Some may remember my post about Content Over eCommerce. In that post I explained why running a content site is better than running an eCommerce site. Well, a new service call Shopster promises to give you all the advantage of a content site with the profit potential of an eCommerce store. If you’ve always want to get into eCommerce, but don’t want to actually do any work, then Shopster maybe for you.
Shopster lets you own an eCommerce store without any of the headaches like stocking inventory, shipping, processing credit cards, dealing with pissed off customer and all the other bad things that goes with running a store. The only thing you need to do is name your store and select items from Shopster’s inventory of 700,000 products. You set your own prices for the products. When you make a sale, Shopster ship the order directly to your customers anywhere in North America and you make the difference between the price you sold the product for and the wholesale price in the Shopster warehouse.
Shopster gives you a fair bit of flexibility when designing your store. You can write your own product descriptions, create different product categories and even create coupons. You can use any of the pre-made store templates or put your web design skill to work and create your own.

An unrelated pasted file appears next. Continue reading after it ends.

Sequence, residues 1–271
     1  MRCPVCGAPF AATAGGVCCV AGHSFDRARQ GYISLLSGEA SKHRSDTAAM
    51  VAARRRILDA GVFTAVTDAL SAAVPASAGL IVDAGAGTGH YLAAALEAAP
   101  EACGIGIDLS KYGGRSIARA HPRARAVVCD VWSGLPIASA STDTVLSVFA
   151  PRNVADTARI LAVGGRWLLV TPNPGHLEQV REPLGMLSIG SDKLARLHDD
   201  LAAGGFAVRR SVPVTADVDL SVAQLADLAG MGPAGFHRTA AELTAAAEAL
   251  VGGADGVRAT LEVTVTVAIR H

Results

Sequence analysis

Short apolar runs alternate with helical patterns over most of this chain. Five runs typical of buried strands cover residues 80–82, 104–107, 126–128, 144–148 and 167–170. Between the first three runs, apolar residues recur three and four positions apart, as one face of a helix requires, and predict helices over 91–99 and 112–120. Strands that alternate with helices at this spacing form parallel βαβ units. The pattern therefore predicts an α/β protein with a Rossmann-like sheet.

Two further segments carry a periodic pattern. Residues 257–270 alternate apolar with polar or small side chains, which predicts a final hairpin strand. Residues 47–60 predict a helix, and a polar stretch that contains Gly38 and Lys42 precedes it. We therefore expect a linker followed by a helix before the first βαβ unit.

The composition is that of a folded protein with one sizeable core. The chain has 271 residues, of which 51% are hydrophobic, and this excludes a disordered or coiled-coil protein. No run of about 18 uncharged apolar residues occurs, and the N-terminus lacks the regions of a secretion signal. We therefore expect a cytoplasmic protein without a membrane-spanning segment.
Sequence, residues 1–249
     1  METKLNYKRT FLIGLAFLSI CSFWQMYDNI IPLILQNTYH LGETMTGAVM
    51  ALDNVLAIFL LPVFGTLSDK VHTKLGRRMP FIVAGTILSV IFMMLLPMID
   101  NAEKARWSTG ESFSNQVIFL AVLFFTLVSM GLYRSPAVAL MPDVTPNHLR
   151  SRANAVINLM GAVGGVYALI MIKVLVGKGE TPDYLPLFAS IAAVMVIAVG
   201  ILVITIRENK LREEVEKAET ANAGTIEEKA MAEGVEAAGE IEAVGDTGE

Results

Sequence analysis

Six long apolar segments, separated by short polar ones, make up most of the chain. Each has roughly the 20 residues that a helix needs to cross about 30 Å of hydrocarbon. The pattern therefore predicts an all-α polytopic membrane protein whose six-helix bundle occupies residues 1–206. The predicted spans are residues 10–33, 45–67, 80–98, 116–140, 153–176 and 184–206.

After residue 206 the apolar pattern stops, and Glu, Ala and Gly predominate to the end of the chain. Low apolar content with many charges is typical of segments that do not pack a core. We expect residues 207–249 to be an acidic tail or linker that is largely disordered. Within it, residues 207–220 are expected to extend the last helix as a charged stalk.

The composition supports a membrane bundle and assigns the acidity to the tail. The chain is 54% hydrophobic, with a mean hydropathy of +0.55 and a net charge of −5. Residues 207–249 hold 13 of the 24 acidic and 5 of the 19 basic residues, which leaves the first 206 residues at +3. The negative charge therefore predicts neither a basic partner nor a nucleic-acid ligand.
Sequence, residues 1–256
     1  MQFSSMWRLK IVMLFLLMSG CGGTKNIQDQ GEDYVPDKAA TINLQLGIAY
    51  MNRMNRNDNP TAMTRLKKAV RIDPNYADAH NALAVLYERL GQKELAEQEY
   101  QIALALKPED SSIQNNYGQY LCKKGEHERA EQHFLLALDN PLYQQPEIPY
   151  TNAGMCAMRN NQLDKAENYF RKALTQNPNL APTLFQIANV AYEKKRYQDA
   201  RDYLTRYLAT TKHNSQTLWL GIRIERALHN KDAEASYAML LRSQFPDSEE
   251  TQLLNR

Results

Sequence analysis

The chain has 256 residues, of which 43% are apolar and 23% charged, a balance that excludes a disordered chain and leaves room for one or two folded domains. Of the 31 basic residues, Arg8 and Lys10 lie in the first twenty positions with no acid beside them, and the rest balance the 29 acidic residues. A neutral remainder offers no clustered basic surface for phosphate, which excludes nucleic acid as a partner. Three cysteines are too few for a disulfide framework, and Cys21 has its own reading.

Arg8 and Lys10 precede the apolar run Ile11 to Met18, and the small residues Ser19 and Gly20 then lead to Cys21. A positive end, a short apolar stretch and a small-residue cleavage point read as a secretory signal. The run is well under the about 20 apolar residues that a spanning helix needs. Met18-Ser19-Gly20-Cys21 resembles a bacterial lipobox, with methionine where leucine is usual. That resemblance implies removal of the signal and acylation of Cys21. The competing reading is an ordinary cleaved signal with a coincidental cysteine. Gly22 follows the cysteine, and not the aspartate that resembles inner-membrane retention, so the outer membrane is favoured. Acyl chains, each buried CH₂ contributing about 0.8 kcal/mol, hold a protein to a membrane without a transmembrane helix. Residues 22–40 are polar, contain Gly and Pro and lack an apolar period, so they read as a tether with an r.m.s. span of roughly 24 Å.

While Shopster looks like a nice service, I would not call it true eCommerce. You can only sell what Shopster has in its warehouse, which is large, but you won’t be able to add that really cool product you discovered on your last trip to India. This makes Shopster more of an affiliate program. The main difference being you get a storefront and you set the prices.
Unlike Amazon’s aStore, Shopster is not a free service. There is a $99 set-up fee and $39 per month storefront fee. However, you can test out the service for a week at no charge. I checked out some of the sample stores and noticed that i4u is using them. I may have to look at the possibility of adding an online store to TTZ.